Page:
At a time when drug taking has tainted the world’s largest sporting event, the Evers Swindells and Ulmer rely on nothing but good honest hard work and feeding themselves nutrition that only New Zealand beef can give.
Beef and Lamb Marketing Bureau general manager Rod Slater says 28-year-old Ulmer is a great advocate of red meat.
“We have been targetting professional sports people, usually women, to be sports ambassadors for the past 7-8 years,” he says.
“We have been associated with Sarah for five years now, so we have ridden with her through the highs and the lows of her career, and now the incredible high she is on now.”
Mr Slater says she is an ideal role model for promoting a healthy diet, that includes lean red meat.
“Sarah recently mentioned in a fitness magazine article that she relies on red meat for the energy side and for the iron,” Mr Slater adds.
Ulmer stunned the cycling world on August 22 by smashing the world record in the qualifying round of the 3000m individual pursuit by more than 3sec, and then eclipsing that mark in the final to lower the mark to 3min 24.537sec.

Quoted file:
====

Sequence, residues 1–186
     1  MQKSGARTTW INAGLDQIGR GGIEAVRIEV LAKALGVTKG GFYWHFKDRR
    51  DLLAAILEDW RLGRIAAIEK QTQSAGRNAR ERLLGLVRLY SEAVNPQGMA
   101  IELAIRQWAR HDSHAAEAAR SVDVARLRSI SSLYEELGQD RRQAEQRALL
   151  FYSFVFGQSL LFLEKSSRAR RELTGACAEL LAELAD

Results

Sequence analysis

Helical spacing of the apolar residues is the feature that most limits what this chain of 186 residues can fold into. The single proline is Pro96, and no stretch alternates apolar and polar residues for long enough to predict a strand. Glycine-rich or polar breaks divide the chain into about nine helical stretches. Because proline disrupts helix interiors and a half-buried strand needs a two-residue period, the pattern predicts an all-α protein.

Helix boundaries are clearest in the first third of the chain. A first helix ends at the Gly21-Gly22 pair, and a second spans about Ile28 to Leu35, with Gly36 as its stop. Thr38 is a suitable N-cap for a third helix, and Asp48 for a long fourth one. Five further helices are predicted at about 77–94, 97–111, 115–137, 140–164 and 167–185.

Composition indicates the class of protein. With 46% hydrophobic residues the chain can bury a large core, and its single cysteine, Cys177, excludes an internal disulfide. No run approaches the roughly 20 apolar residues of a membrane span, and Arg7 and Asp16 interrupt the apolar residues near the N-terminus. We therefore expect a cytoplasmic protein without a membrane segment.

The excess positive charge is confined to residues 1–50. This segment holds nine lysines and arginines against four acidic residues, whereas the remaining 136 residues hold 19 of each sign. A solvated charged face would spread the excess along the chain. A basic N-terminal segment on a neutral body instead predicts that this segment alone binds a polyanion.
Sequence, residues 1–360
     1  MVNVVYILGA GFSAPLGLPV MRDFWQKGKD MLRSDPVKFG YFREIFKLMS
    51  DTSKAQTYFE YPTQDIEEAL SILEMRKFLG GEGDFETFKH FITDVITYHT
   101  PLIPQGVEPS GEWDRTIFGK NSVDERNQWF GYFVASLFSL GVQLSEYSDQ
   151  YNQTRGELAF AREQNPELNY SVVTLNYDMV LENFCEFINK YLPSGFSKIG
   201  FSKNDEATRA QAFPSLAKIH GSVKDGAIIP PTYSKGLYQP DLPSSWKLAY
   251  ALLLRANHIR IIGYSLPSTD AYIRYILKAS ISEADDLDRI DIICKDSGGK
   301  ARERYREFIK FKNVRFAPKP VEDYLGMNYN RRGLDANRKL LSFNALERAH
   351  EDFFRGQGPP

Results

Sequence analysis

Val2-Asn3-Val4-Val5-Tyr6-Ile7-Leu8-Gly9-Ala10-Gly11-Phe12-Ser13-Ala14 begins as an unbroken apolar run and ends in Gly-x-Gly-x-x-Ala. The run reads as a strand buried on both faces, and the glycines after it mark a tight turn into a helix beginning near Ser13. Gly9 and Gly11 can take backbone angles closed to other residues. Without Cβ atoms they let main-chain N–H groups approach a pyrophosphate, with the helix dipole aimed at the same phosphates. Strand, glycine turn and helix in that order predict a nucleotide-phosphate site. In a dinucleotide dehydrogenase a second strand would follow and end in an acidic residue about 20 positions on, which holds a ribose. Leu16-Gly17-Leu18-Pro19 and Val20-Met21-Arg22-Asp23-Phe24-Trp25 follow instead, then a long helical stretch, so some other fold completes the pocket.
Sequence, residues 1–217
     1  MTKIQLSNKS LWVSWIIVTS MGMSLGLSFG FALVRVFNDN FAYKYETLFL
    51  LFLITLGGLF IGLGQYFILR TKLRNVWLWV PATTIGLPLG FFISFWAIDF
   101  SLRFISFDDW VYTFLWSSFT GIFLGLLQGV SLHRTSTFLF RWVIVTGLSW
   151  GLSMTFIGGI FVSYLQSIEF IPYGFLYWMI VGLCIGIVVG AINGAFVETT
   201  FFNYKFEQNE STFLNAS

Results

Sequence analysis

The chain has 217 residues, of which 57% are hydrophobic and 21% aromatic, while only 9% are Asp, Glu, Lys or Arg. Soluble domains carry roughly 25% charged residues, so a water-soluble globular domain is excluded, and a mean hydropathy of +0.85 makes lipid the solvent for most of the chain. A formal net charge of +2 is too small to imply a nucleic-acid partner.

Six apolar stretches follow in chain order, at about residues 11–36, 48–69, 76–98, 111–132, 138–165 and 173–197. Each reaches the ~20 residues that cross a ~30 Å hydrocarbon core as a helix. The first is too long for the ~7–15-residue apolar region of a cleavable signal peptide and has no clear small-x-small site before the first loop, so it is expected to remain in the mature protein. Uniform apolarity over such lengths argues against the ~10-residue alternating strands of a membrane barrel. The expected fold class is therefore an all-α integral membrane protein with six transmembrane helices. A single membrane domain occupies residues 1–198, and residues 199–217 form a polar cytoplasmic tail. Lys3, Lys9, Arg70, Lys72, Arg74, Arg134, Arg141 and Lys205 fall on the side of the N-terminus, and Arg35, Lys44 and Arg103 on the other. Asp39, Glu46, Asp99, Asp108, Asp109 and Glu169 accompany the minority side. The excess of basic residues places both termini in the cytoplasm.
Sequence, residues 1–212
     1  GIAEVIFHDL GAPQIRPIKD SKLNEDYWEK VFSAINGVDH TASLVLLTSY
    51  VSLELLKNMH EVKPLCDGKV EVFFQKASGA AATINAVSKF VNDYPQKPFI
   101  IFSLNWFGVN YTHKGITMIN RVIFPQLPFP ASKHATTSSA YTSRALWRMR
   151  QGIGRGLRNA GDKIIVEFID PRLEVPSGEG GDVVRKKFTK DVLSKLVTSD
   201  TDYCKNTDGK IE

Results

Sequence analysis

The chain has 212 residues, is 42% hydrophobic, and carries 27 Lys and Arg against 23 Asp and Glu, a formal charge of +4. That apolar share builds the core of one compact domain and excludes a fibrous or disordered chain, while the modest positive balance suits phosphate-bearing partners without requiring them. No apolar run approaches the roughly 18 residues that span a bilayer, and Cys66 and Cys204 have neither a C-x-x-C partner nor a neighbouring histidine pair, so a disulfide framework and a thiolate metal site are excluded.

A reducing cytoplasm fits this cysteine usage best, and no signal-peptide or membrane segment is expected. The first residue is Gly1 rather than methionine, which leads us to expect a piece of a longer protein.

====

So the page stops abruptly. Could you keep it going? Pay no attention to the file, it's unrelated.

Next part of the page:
Quite an achievement considering she set a world record at the World Championships in May with a time of 3:30.604sec.
The monumental rise of the 23-year-old Evers-Swindell twins reached a crescendo on August 21, when they won gold in the double sculls.
Mr Slater says the Evers-Swindell twins have been ambassadors for six months.
“Women, particularly athletes, tend to have iron deficiencies.
“Positive spin-offs for having high-profile athletes as ambassadors is when they talk about their nutrition with the media they genuinely emphasise the role red meat plays in their diet.
“And, in the off chance they happen to win a gold medal then that’s great for us — it just so happens that two of them happened to win gold medals within 24 hours.”
Each of the sports people chosen to be sports ambassadors with the bureau must be consumers of red meat products.